Many parents have raised the question, “How can I help my child or teenager with ADHD transition back into school?”
Here are six tips that parents in our network find most useful:
- Review your child’s IEP (Individualized Education Plan). This is a resource that is available to students with a formal diagnosis of ADHD to help them meet their educational needs. This plan better tailors the learning experience to your child by offering things like preferential seating, oral and written instructions, modified tests, extended time on tests, and smaller test environments.
- Get organized together. Many parents have found that creating a daily schedule for their child to follow has helped enormously. Children with ADHD tend to do better with a consistent routine. It may take some time to get back into a routine, but structure actually helps kids with ADHD use their symptoms to their advantage, and it’s easier on parents too.
- Limit distractions. Attention is one of the main challenges of a child with ADHD. Try not to seat them close to doors or windows, also try to limit other distractions in the room as much as possible.
- Break big tasks into smaller ones. A checklist is great for them to know what needs to be done. Even if the checklist is simple, it provides a focal point for attention.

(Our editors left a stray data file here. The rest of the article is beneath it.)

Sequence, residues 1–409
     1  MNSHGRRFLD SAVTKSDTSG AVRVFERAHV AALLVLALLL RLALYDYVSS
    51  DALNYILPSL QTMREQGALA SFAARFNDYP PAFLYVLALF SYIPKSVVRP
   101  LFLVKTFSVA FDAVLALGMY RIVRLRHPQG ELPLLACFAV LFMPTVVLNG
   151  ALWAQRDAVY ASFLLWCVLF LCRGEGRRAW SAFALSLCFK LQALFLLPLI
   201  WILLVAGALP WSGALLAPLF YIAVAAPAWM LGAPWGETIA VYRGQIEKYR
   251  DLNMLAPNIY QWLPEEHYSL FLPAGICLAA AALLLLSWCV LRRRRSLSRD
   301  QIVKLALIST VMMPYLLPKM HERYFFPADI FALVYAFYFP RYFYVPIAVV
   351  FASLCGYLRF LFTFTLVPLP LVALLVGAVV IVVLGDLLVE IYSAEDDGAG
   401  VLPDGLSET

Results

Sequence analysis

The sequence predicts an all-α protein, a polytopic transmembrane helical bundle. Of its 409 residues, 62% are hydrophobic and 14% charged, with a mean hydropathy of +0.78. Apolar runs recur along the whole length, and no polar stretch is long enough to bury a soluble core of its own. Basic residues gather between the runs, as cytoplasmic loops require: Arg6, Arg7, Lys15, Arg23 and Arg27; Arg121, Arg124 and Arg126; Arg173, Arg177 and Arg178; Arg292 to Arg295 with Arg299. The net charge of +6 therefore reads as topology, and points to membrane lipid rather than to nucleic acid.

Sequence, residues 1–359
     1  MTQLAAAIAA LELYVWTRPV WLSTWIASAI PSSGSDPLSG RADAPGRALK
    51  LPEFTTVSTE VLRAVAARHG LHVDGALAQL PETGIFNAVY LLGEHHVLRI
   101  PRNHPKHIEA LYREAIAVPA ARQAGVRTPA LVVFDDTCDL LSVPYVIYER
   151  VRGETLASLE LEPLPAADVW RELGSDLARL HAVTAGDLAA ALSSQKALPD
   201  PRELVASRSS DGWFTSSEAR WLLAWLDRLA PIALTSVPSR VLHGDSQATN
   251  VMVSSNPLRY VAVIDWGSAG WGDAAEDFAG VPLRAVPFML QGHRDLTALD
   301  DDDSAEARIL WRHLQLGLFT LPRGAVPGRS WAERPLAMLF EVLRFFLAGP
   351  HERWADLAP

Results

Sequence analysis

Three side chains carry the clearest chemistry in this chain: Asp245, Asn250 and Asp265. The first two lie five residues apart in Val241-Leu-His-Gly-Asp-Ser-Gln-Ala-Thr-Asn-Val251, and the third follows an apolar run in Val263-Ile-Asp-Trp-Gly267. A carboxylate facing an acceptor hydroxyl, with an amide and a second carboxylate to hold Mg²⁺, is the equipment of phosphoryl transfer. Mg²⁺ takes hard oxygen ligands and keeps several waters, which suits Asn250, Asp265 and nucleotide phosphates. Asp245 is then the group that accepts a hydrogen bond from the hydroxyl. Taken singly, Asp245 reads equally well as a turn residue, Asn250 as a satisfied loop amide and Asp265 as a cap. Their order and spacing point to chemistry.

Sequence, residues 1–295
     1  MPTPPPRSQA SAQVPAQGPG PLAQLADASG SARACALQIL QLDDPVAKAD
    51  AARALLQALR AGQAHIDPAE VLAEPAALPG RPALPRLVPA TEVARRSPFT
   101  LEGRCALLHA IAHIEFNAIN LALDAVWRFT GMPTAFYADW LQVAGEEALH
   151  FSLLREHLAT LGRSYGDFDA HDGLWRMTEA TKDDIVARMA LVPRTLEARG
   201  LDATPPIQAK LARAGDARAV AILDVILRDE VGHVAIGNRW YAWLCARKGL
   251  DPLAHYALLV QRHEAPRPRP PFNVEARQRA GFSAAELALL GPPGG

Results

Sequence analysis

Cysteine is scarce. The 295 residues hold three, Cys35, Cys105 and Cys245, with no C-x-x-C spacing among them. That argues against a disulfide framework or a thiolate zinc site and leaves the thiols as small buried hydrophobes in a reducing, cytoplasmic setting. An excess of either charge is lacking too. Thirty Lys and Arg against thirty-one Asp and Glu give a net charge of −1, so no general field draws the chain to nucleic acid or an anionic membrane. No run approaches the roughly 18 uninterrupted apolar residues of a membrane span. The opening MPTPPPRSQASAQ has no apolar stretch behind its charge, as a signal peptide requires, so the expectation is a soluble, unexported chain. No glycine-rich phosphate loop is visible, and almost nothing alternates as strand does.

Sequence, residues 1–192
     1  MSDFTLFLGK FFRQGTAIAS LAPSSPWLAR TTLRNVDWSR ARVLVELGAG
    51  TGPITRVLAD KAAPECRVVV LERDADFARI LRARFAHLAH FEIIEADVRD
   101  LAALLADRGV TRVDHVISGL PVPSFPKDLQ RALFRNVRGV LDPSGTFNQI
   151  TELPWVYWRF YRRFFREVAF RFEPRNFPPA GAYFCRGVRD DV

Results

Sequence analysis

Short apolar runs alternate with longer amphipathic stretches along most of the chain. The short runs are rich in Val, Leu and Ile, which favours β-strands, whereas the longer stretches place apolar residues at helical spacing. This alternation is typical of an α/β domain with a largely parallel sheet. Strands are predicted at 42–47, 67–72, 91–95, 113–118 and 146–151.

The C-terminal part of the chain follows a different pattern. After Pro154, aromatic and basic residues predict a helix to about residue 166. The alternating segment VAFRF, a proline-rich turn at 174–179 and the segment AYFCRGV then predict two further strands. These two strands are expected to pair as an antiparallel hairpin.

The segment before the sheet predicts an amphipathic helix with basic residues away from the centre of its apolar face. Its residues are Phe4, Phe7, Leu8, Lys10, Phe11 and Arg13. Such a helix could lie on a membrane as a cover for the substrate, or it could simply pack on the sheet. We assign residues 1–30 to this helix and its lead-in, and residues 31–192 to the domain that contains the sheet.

- Breaks! Children with ADHD struggle with focusing on one thing for a long period of time. Build breaks into your schedule/routine. If your child is focusing on homework, take a break and move about. If your child is doing a household chore, it may help to take a break and do something quiet or relaxing.
- Quality time. Spending quality time with your kids will be one of the best things you can do to support them.
Would you like to determine if your child has ADHD, and gain additional resources and help?
We make ADHD assessments easy. Our online platform allows adults and children to be evaluated from the comfort of home with instant 24/7 access, no referrals, and minimal cost. Our assessment also includes screening for anxiety and depression. The results, provided by a doctorate-level psychologist, are accepted by doctors, schools, and employers across the country.